Toddy, Sasha’s little brother, emerged from one of his many secret hiding places under the audience bleachers and took Sasha’s hand. The family walked to the dining tent together, followed closely by Mr.
Ticklefar and Aunt Chanteuse. Along the way they caught up with Madame Mermadia and her children, Shelby and Griffin. They were all halfway through costume fittings, trailing strands of sequins behind them.
“Your arm’s falling off.” Sasha pointed at the length of fabric hanging from Shelby’s shoulder. Shelby was five years older than Sasha, and this was the first year Shelby would join her mom in the Magical Mermaid Lagoon performance.
“It feels like both of them are,” Shelby said. “My mom’s making me do strength training in the water tank. I hope there’s something good for dinner. I’m hungry enough to eat an elephant.”
“You look like an elephant,” teased Griffin, Shelby’s twin brother. Shelby reached for him, and Griffin bolted across the field to the dining tent, shrieking as Shelby chased after him.
“They’re getting so big,” Mom said, same as she did every time she saw Shelby and Griffin.
“They’re not the only ones.” Madam Mermadia tousled Sasha’s hair. “Are you excited about your first day of school tomorrow?”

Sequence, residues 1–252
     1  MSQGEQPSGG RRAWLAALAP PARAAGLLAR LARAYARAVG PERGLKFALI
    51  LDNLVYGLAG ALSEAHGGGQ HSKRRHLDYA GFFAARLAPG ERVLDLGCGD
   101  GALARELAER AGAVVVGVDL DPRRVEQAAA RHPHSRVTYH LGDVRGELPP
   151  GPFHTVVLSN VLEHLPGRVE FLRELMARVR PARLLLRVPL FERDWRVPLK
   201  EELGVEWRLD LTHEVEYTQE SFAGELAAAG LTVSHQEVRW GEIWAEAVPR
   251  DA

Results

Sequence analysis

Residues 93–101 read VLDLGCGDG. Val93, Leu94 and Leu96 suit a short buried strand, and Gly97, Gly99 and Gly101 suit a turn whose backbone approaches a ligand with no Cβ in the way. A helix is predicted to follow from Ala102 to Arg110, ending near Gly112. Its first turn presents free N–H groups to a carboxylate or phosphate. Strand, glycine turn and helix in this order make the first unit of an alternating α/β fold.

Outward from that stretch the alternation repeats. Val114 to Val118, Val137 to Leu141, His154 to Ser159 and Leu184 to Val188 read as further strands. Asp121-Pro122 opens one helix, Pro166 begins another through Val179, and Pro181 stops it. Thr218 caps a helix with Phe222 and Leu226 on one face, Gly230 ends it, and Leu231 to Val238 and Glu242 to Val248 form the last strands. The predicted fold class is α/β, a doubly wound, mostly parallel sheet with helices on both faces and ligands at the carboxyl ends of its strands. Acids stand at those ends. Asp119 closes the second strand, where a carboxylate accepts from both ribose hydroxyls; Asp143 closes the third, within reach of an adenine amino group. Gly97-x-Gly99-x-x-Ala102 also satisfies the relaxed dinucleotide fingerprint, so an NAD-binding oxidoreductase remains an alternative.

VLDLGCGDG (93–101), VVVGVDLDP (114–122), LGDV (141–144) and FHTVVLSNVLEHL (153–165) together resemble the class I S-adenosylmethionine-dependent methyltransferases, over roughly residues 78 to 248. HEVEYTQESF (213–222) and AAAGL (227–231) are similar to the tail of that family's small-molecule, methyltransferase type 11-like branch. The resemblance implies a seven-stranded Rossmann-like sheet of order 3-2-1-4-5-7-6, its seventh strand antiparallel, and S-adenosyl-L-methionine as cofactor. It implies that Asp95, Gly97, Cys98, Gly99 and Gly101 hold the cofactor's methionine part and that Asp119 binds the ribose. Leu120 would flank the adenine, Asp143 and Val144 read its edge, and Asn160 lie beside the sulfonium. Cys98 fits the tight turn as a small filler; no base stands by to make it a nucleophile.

Mr. Ticklefar, overhearing Madam Mermadia’s question, stepped forward. “She will astound them all!”
“It will be deeeliiightfulll,” Aunt Chanteuse sang.
But Sasha’s heart pounded harder than it had when
she’d watched Dad do his new trick for the first time. Even though she was going into fifth grade, Sasha had never before stepped foot in a public school. She and Toddy had always been taught at the Cirque, learning their letters and numbers, as well as the lore of the Cirque; practicing science experiments in between helping Mr. Ticklefar take apart and repair machines; and almost always—for Sasha, at least—getting caught up in the fantastical worlds of her favorite books. But school would be different. She wouldn’t have Mr. Ticklefar’s stories to teach her geography, or Madame Mermadia’s lessons on oceanography. Would there be any magic at school at all?
Mr. Ticklefar always said the Cirque was the best place on earth, but there were important and useful things to learn in other places and from other people. Sasha’s parents agreed, and so she and Toddy were to start a new adventure in their education.
Sasha put on a brave face and talked bigger than she felt to Madame Mermadia. “It’ll be great.”
Sasha squeezed Toddy’s hand. The siblings shared a secret look and reluctantly smiled. It was good, Sasha thought. Having a brother. Taking these next steps with someone familiar by her side. Even if every moment at school was not-great, Sasha and Toddy would have each other.